Dir/scr Todd Solondz. US, 2016, 89 mins


Despite initial appearances to the contrary, veteran misanthrope Todd Solondz hasn’t quite found the light in Wiener-Dog, his first film since 2011’s Dark Horse (and which arrives at Sundance a full two decades after Welcome To The Dollhouse took the Grand Jury Prize). While his followers will be relieved, this Wiener-Dog isn’t particularly out to make new friends.  A loose anthology about a dachshund and her series of owners, which comes complete with an intermission and its own catchy song The Ballad of the Wiener-Dog, Solondz’s latest is morose and jaundiced and, although uneven, a relentlessly clever little film.

There’s nobody here to like, just outlandish moments to admire

This Christine Vachon and Megan Ellison-produced production is clearly a festival piece destined for specialty play. It’s certainly not for innocent pet lovers. Variously named Wiener, Doody and Cancer, the titular dachshund’s diarrhoea is awarded a lengthy tracking shot accompanied by Debussy’s Clair De Lune, just one of many audacious flourishes which pull the film back from the abyss. The Wiener-Dog is, above all, a device by which Solondz can visit some old preoccupations through four distinct chapters, with the two bookends elevating the film’s dispiriting central section.

Solondz’s careful tableaux elevate Wiener-Dog. In the opening chapter, a small boy who has recovered from cancer plays his flute for the caged animal. By the end, when embittered grandmother Ellen Burstyn is witnessing versions of her former self, Solondz has found his thematic and visual touchstone. There’s a flabby mid-section to wade through, however, with Greta Gerwig playing Dollhouse’s Dawn Wiener, and Danny DeVito delivering a strong performance in an indulgent section about a furious and depressed film-maker reduced to teaching indifferent students, clearly the filmmaker’s alter-ego.

Solondz opens Wiener-Dog with a winsome credit-sequence during which the adorable animal is placed in a cage at the kennels, provoking wistful sighs from the Sundance audience – which certainly weren’t to be continued throughout the piece. She arrives in the home of cancer survivor Remi (Keaton Nigel Cook) and his abrasive, self-absorbed parents, played by Tracy Letts and Julie Delpy. The latter makes the most of some pungent scenes when she explains what it means to be ‘spayed’ and ‘put down’ and describes the rape of her former pet Croissant by the stray dog Mohammed.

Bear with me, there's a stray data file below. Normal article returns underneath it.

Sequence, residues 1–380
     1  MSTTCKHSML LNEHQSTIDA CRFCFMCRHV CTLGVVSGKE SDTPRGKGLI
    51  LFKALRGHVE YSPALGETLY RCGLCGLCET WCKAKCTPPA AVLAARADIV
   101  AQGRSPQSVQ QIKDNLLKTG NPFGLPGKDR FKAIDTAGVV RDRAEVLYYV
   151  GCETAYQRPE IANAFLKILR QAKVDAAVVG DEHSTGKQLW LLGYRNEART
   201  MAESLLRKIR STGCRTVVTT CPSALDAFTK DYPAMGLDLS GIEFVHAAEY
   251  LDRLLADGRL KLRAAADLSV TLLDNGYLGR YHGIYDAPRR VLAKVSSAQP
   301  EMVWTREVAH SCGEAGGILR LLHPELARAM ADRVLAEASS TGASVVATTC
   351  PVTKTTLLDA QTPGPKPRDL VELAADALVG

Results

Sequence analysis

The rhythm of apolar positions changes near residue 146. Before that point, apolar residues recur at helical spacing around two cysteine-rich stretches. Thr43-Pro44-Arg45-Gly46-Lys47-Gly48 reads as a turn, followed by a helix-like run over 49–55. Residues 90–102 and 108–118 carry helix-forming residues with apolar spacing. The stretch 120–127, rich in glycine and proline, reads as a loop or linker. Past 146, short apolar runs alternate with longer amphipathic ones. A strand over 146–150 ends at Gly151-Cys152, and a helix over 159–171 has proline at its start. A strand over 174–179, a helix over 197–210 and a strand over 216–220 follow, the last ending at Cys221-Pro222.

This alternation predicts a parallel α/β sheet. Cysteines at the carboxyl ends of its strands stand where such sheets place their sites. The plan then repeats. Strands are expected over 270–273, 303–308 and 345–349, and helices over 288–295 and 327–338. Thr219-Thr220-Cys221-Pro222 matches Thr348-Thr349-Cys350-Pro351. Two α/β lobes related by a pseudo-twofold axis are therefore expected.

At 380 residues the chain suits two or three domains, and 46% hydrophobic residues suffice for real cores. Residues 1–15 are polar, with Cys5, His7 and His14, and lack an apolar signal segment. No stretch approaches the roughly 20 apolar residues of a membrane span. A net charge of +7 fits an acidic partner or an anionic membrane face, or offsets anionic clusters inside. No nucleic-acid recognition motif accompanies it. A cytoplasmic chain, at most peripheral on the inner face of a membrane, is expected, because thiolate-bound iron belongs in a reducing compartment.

Wiener-Dog then moves into the guardianship of Dawn Wiener (Gerwig, lip-biting and oversize spectacles), who decides on the spur of the moment to accompany the silent druggie Brandon (Kieran Culkin) on a road trip to visit his brother Tommy and wife April (Connor Long and Bridget Brown), both with Down’s Syndrome. Sad-eyed Mariachi’s in the back seat of their car give the sequence a boost – “America is so lonely,” they say, “a big fat elephant drowning in a sea of despair”. After a sparkly intermission, the sequence drives back down the death and despair deep end.

De Vito’s desperate, pent-up screenwriter is followed by Ellen Burstyn’s irascible grandmother Nana, who has decided to call the dog Cancer. Wiener-Dog then lifts itself through to the closing credits, with a visit from grand-daughter Zoe (Zosia Mamet) and her self-absorbed boyfriend Fantasy (Michael Shaw), on the mooch for money.

There’s nobody here to like, just outlandish moments to admire. The sourness of Solondz’s world view is an acquired taste. Nana’s garden reverie is punctuated by the words “everything has a beginning and everything has an end”. Solondz delivers on both of those fronts with Wiener-Dog – but like life itself, it’s the mid section he has the biggest problems with.

Production companies: Annapurna Pictures, Killer Films
Director: Todd Solondz
Producers: Megan Ellison, Christine Vachon
Executive producer: David Hinojosa
Cinematography: Ed Lachman
Production designer: Akin McKenzie
Editor: Kevin Messman
Music: Nathan Larson, James Lavino
Main cast: Ellen Burstyn, Keaton Nigel Cooke, Kieran Culkin, Julie Delpy, Danny DeVito, Greta Gerwig, Tracy Letts, Zosia Mamet, Connor Long, Bridget Brown, Michael Shaw